Van Museum

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Van Museum
Van müzesi
Van Museum is located in Turkey
Van Museum
Location of Van Museum
LocationVan, Turkey
Coordinates38°30′17″N 43°20′28″E / 38.50472°N 43.34111°E / 38.50472; 43.34111
TypeHouse museum, Archeological museum, Ethnographic museum
WebsiteVan Museum

The Van Museum or Urartu Museum (Turkish: Van müzesi) is a museum located in the city of Van in eastern Turkey. It showcases on 13,000 m2 a large archaeological and ethnographic record of human life and cultural development in the lake Van region from eastern Anatolia’s Stone Age to the present. The main focus of the museum is on the Urartian period, about 2800-2600 years ago. Of particular interest are the Hakkari kurgan stelae.[1]


The museum was founded in 1945. In 2011 it was affected by two earthquakes and a new building was constructed, located near the Van Fortress. It was opened to the public in 2019.[2]


The oldest archaeological items of the museum are from the Palaeolithic, Neolithic and Chalcolithic periods, including obsidian and bone tools from the archaeological sites of Tilkitepe and Kızdami. Another series of finds are from the Karagündüz necropolis.[3]

Among the artefacts from the Urartu kingdom, which originated in the 9th century BCE and became a civilisation that excelled in art, technology and metallurgy until its demise in the 6th century BCE, are weapons, everyday objects and stelae with sculptural decoration and cuneiform inscriptions. Other items belong to the Roman, Byzantine, Seljuk, Aq Qoyunlu, Qara Qoyunlu and Ottoman period. Among the pieces from the Seljuk period, tombs shaped as rams and sheep are particularly noteworthy.[4]

There is a large ethnographic collection of kilims and rugs but without mentioning the rich local Kurdish tradition of this craft.

Hakkari Stelae[edit]

Thirteen Kurgan stelae were found in 1998 in their original location at the centre of Hakkari. Eleven stelae depict armed warrior-men and two represent women without arms. The stelae were carved on upright flagstone-like limestone slabs measuring between 0.7 m to 3.10 m in height. The stones contain only one cut surface. Each stele features the fore view of an upper human body. The legs are not depicted.[5] The earliest stelae are in the style of bas relief while the latest ones are in a linear style. They were manufactured during a period from the 15th c. BCE to the 11th c. BCE in Hakkari.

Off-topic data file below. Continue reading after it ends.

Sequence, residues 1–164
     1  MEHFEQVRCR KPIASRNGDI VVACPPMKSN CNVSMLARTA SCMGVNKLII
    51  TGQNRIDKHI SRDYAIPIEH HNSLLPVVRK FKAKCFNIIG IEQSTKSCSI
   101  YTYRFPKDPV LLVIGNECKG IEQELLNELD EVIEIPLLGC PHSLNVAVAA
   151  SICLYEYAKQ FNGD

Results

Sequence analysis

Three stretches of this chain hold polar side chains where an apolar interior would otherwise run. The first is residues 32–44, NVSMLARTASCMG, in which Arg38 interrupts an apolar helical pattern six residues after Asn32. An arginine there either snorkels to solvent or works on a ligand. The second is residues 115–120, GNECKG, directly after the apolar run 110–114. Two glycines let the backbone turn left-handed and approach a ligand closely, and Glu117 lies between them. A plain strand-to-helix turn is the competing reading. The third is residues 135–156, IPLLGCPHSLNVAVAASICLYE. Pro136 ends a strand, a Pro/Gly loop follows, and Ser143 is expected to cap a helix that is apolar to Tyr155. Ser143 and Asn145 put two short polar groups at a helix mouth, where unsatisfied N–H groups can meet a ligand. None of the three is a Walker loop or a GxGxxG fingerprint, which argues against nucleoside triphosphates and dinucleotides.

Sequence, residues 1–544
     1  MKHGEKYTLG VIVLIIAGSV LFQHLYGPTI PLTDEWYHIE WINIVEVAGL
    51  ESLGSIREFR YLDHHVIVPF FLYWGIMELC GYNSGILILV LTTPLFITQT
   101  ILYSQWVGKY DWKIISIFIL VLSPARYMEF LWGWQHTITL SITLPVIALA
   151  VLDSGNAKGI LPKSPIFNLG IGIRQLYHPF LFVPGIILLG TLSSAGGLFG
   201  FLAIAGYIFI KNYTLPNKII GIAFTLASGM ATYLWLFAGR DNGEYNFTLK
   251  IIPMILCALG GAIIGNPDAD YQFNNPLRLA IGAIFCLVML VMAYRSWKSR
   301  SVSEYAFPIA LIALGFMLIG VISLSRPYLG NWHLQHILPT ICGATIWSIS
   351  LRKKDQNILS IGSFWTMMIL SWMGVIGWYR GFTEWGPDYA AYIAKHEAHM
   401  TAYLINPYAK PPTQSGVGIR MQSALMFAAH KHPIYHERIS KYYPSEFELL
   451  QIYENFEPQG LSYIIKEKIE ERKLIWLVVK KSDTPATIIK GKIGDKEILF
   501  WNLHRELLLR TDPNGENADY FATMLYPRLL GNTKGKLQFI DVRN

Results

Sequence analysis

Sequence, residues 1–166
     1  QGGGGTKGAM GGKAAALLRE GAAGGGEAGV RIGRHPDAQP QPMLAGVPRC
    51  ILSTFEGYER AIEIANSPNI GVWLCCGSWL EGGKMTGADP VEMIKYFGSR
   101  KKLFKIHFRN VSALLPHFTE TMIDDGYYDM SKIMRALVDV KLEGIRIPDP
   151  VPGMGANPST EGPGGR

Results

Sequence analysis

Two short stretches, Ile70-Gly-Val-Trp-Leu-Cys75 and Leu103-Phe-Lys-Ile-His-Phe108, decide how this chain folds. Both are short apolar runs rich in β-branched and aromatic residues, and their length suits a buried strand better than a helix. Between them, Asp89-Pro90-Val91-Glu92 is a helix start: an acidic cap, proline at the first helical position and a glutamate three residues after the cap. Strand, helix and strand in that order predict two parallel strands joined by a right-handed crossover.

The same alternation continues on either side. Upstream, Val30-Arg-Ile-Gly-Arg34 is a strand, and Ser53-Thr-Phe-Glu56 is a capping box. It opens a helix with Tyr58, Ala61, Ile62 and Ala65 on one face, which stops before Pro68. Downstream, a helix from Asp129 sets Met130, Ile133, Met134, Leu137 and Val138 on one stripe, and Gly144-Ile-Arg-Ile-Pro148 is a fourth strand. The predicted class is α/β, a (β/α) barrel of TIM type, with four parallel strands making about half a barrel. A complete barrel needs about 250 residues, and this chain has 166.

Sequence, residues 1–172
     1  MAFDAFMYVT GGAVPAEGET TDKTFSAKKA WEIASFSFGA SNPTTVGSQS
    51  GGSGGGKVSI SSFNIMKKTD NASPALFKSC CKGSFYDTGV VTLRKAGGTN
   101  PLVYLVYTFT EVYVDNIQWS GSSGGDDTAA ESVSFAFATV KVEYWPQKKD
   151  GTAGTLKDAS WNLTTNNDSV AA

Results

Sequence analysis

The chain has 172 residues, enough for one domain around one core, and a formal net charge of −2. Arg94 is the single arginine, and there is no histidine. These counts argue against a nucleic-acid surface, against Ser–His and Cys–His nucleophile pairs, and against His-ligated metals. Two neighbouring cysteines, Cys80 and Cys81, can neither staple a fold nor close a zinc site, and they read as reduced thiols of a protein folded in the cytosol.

The warrior-men, always holding a drinking vessel in their upraised right hand, are equipped with weapons and wear a dagger suspended on a belt. Remaining areas of the stelae are filled with small-sized animals or feature yurts of the Asian steppes thus indicating the nomadic or semi nomadic nature of a society that lived across this rugged landscape of Hakkari. Some stelae have both eyes inlaid.[6]


  1. ^ The collection of the Van Museum Retrieved 18 October 2023.
  2. ^ "Earth quake in eastern Turkey". CNN. 9 November 2011. Retrieved 2020-07-16.
  3. ^ Ayaz, Gulan (2016). "The Early Iron Age Jewellery from the Karagündüz Necropolis in Eastern Anatolia and Its Relationship to Southern Caucasia". Proceedings of the 9th International Congress on the Archaeology of the Ancient Near East: June 9-13, 2014. 3. University of Basel. doi:10.2307/j.ctvc76zz7.
  4. ^ Van Museum's Urartian riches Retrieved 18 October 2023.
  5. ^ Antonio Sagona, The Heritage of Eastern Turkey: From earliest settlements to Islam (2006), pp. 68–71.
  6. ^ Veli Sevin, Mystery Stelae, Archaeology, Volume 53, Number 4, (July/August 2000).